We review the district court's grant of a summary judgment motion de novo. Davis v. Illinois Cent. R.R., 921 F.2d 616, 617-18 (5th Cir. 1991). Summary judgment is appropriate if the record discloses "that there is no genuine issue of material fact and that the moving party is entitled to a judgment as a matter of law." Fed. R. Civ. P. 56(c). A party seeking summary judgment bears the initial burden of identifying those portions of the pleadings and discovery on file, together with any affidavits, which it believes demonstrate the absence of a genuine issue of material fact. Celotex Corp. v. Catrett, 477 U.S. 317, 325, 106 S. Ct. 2548, 2554, 91 L. Ed. 2d 265 (1986). Once the movant carries its burden, the burden shifts to the non-movant to show that summary judgment should not be granted. Id. at 324-25, 106 S. Ct. at 2553-54. While we must "review the facts drawing all inferences most favorable to the party opposing the motion," Reid v. State Farm Mut. Auto. Ins. Co., 784 F.2d 577, 578 (5th Cir. 1986), that party may not rest upon mere allegations or denials in its pleadings, but must set forth specific facts showing the existence of a genuine issue for trial. Anderson v. Liberty Lobby, Inc., 477 U.S. 242, 256-57, 106 S. Ct. 2505, 2514, 91 L. Ed. 2d 202 (1986).
National Union first contends that the district court erred in construing the terms of the excess insurance policy between Columbia and Ariens as not requiring that Columbia negotiate a settlement within the first two layers of excess liability coverage. "In construing a written contract [such as an insurance policy], the primary concern of the court is to ascertain the true intentions of the parties as expressed in the instrument." Coker v. Coker, 650 S.W.2d 391, 393 (Tex.1983).3 When the terms of an insurance policy are plain, definite, and unambiguous, a court may not vary those terms. Royal Indemnity Co. v. Marshall, 388 S.W.2d 176, 181 (Tex.1965); see also Barnett v. Aetna Life Ins. Co., 723 S.W.2d 663, 665 (Tex.1987) (stating that "if the insurance contract is expressed in plain and unambiguous language, a court cannot resort to the various rules of construction [favoring the insured]"). An insurance policy is ambiguous only when it is "reasonably susceptible to more than one meaning ... but if only one reasonable meaning clearly emerges [,] it is not ambiguous." Universal C.I.T. Credit Corp. v. Daniel, 150 Tex. 513, 243 S.W.2d 154, 157 (1951). When no ambiguity exists, a court must give the words used their plain meaning. Puckett v. United States Fire Ins. Co., 678 S.W.2d 936, 938 (Tex.1984).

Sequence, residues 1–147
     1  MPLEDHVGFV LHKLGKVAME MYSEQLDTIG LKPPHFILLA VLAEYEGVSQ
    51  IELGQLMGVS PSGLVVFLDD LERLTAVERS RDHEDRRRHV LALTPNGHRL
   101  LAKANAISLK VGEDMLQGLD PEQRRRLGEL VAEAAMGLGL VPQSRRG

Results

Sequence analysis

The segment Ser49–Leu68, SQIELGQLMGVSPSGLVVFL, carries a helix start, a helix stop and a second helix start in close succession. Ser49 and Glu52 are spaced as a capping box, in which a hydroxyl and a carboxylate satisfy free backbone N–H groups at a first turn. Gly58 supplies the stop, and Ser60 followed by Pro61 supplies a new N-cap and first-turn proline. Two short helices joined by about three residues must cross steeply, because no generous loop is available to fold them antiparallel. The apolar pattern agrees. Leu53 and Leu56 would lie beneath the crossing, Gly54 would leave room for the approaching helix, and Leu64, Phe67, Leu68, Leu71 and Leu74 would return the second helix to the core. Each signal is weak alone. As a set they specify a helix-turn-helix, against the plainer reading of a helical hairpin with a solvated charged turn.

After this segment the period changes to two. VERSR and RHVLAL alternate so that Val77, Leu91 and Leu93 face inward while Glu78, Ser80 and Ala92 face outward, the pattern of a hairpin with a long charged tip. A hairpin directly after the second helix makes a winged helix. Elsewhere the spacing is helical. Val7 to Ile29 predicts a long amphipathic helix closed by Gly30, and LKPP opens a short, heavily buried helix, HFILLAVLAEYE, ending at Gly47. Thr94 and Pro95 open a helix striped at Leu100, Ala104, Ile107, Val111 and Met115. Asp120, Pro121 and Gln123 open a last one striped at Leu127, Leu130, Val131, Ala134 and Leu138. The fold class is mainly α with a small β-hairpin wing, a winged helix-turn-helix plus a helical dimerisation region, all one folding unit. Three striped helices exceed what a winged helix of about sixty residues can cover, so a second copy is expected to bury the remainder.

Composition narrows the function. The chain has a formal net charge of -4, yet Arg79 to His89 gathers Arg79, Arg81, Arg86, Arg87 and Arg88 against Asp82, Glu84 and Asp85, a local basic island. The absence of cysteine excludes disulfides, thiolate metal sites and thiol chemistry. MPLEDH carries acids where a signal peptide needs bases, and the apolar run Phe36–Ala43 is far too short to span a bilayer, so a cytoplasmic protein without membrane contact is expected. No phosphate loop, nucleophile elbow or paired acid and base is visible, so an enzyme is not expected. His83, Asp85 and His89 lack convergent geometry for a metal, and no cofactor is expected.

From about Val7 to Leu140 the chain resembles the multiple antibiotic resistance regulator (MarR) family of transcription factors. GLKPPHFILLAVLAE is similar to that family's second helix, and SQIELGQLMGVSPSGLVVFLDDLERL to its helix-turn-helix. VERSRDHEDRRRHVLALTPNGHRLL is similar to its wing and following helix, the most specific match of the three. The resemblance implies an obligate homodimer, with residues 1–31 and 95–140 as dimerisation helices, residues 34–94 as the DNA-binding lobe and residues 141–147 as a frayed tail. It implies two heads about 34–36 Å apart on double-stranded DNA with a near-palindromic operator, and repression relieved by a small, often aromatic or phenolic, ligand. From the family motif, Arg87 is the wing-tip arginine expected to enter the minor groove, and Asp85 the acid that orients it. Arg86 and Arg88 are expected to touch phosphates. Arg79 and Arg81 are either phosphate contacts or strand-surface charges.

Special Endorsement 6 of the excess insurance policy provides in pertinent part:
The [insurance] company, at its own expense, shall have [the] right to associate itself with the insured in the control, negotiation, investigation, defense or appeal of any claim or proceeding which, in the opinion of the company is or may be covered by this policy. The insured shall fully cooperate in all matters pertaining to such claim or proceeding....
The rejection of a negotiated settlement for a definite amount by the insured with respect to a claim shall limit the company's liability to the total amount of the settlement negotiated and defense costs and excess defense costs incurred to the date of such negotiated settlement agreement for such claim less the self-insured retention.
Special Endorsement 6 also expressly deleted condition 3(d) from the insurance policy, which formerly read:
The [insurance] [c]ompany at its sole option and without the consent of the insured, may settle any claim or suit involving the limits of liability of this policy or likely to involve its limits. The [c]ompany expressly reserves the right to settle such claim or suit for an amount within the Insured's Retained Limit.
We read this unambiguous language to mean that Columbia had the right, and not the duty to engage in settlement negotiations. Indeed, the explicit abrogation of Columbia's unilateral authority to negotiate a binding settlement supports the interpretation that the parties intended for Ariens to control its own defense, including the handling of settlement negotiations. See also Institute of London Underwriters v. First Horizon, 972 F.2d 125, 126 (5th Cir. 1992) (interpreting similar language under Louisiana law--" [the excess carrier] shall have the right and shall be given the opportunity to associate with the Assured or the Assured's underlying insurers or both in the defense and control of any claim...."--as unambiguously excluding a defense obligation on behalf of an excess carrier). Based on the policy's plain and unambiguous language, we hold, as the district court did, that Columbia had no duty to Ariens to settle for an amount within the first two layers of excess liability coverage.4 Because Columbia had no duty to Ariens, Columbia also had no duty to National Union under the doctrine of equitable subrogation. See American Centennial, 843 S.W.2d 480, 482-83 (Tex.1992) (noting that the doctrine permits the excess insurer to step into the shoes of the insured when pursuing a cause of action for mishandling of a claim).5